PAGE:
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Probably Archery: A Brief 7DFPS Post-Mortem

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Matt Carr


This year's 7DFPS game jam is the first game jam South East Games (my cousin Shane and I) has taken part in, but I'm pretty sure it won't be the last. In one of those all-too-common moments in developing our larger game where we stopped, turned and began throwing around concepts for something smaller to make, we threw out "what about something like QWOP and Surgeon Simulator except its multiplayer archery". We liked it, but normally that idea would be put into some dying part of our brains and we'd return to working, but (un?)fortunately, 7DFPS was a less than 2 weeks away and that gave as an excuse to do it.

7 Hours - Hemisphere


The weekend prior to the start of the 7DFPS, the organizers decided to put on a 7 hour version, the 7HFPS. This would be used to start getting things active early and help test their web site systems prior to the main event. At first I wasn't particularly interested in working on something for 7 hours, instead eagerly anticipating starting on our silly archery game. Then we thought of making a first person bullet hell game. It seemed simple enough for 7 hours and we created Hemisphere.

7 Days - Probably Archery


I was a little worried about how development of Probably Archery would go over the 7 days since I got pretty bored making Hemisphere and that was only 7 hours. That wasn't the biggest concern though, because Shane had full time work on all week and I had contract jobs to work on. The amount of hours we could spend per day during the 7 days would be fairly limited. There was around 3 days where I could work for decent stretches of uninterrupted time on the game, otherwise coding bits and pieces here and there. Shane had to make art assets after work, but got most of what we needed done during the starting weekend.

When thinking about how the game would play, we pictured awkward looking people struggling to get arrows nocked and fired in something resembling the right direction. As we built the game, it became harder to tell how it would feel to new users and felt less silly than we expected. Still, we wanted to keep the sense of humour so we had some very obviously inaccurate and silly aspects (players are balloon-headed sack people). Also by choosing to not research anything about archery at all and not worrying about accuracy, there are some aspects like the arrow being on the wrong side of the bow that probably annoy the hell out of people that know about archery, physics, etc.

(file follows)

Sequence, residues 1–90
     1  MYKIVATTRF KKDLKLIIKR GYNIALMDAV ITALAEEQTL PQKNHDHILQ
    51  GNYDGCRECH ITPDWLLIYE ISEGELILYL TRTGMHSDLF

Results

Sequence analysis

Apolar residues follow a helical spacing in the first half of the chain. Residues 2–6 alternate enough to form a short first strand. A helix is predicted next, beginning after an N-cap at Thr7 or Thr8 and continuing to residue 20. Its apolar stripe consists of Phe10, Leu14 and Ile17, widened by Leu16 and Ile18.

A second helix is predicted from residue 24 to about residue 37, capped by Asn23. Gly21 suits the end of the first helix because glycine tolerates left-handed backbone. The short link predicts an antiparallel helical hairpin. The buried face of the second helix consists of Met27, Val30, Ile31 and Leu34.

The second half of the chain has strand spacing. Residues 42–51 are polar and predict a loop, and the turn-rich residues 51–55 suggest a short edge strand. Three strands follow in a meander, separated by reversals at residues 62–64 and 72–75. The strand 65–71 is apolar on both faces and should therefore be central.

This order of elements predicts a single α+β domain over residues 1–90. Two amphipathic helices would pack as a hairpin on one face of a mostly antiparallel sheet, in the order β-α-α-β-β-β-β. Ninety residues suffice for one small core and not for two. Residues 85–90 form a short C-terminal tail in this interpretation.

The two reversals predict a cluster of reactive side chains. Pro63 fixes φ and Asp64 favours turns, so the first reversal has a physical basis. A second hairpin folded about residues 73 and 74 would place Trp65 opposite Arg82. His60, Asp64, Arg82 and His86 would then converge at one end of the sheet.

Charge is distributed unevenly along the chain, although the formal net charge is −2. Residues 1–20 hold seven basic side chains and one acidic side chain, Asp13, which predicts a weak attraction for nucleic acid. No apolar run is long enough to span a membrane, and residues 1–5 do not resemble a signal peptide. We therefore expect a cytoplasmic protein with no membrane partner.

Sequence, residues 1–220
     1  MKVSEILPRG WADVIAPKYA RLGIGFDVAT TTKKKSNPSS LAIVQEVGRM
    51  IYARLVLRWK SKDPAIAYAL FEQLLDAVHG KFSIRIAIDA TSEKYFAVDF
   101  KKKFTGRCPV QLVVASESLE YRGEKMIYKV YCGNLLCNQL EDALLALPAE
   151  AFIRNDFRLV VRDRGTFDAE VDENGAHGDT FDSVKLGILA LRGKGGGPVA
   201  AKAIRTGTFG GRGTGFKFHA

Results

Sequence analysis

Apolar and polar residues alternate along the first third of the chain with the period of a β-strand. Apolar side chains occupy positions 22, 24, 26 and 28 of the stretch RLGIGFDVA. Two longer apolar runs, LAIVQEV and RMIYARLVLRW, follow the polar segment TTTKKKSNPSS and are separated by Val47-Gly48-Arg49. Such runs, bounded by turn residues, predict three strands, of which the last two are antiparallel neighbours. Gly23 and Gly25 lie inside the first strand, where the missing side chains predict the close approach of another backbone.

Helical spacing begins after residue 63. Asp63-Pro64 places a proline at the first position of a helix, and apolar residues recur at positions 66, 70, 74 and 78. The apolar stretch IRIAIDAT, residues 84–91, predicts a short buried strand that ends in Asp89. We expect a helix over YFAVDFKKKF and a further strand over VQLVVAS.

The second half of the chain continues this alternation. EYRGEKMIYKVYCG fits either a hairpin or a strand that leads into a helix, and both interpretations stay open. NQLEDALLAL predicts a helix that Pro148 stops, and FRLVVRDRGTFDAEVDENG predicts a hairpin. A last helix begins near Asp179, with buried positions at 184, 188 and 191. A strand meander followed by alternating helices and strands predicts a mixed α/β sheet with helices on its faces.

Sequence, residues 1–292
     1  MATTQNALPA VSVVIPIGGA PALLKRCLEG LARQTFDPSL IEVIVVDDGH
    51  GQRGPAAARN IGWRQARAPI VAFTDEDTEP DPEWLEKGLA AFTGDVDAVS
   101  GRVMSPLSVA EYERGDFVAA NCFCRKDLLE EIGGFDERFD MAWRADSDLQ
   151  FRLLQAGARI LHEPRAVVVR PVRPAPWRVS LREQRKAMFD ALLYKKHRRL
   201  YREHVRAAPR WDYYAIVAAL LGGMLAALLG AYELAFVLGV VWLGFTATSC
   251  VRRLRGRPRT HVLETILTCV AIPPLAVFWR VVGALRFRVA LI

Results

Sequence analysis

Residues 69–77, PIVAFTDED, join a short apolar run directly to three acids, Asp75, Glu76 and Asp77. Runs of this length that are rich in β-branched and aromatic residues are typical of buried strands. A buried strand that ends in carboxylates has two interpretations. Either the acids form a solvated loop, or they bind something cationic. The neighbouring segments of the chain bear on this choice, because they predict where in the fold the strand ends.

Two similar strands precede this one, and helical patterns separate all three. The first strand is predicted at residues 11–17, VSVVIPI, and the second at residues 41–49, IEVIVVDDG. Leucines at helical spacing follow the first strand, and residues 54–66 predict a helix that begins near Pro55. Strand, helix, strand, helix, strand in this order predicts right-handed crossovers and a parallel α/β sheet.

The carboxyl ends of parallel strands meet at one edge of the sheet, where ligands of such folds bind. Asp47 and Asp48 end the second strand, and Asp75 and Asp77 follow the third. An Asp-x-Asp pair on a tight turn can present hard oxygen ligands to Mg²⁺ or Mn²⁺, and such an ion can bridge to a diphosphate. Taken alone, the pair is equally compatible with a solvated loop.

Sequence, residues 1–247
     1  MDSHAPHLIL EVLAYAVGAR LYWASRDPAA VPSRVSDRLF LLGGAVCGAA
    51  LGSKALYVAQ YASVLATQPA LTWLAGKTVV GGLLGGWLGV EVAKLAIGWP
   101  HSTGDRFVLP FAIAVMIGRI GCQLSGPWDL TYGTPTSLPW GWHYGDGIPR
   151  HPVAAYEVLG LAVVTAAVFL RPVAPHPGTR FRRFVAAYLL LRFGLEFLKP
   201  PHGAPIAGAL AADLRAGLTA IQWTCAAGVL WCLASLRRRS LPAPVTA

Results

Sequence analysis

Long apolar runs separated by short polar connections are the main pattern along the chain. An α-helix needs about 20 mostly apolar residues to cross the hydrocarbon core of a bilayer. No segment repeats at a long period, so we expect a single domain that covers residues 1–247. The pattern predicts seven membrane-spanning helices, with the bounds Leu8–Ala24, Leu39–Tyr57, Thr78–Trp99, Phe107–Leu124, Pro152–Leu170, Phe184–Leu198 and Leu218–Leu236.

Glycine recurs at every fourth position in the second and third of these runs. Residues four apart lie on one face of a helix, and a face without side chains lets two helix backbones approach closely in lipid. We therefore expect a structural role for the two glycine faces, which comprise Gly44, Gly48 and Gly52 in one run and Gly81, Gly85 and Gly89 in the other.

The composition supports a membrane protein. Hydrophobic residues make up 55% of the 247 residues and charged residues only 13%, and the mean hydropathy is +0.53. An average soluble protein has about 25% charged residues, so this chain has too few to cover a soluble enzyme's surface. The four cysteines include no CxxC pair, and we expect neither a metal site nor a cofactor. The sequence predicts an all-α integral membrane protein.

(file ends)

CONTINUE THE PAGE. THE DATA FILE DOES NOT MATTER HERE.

I'd normally be very keen on the idea of live streaming development of the game, but the erratic development times weren't ideal for that. I did enjoy sitting in the 7DFPS chat and watching various live streams over the course of the week. Playing the in development builds of games and having people in the chat test Probably Archery's multiplayer early was awesome. The latter half of the week once I started doing this made the experience much greater as I felt more connected to other people and the jam as a whole instead of working on some silly game in solitude.

Ultimately I was fairly happy with how the game turned out. When I woke up this morning and decided to Google "Probably Archery" I was excited to see a couple of YouTube videos people had made while playing the game. Unfortunately one was prior to me updating the controls text to make it clearer that you could move the left arms shoulder and elbow joints as well, and the other was recorded before I fixed an issue where 3 people could be in a multiplayer match instead of 2 which would cause all sorts of issues. Still, just the fact that anyone played a game we made in 7 days and didn't hate it is exciting to me.

Some brief technical points on how various parts of the game are done:

  • The arms are rigged and skinned and have a few animations for hand poses
  • ?The clavicle/shoulder, elbow and wrist joints are moved in code with min/max angle restrictions
  • Hand animations are set to only affect finger joints and can be played without affecting the rest of the arms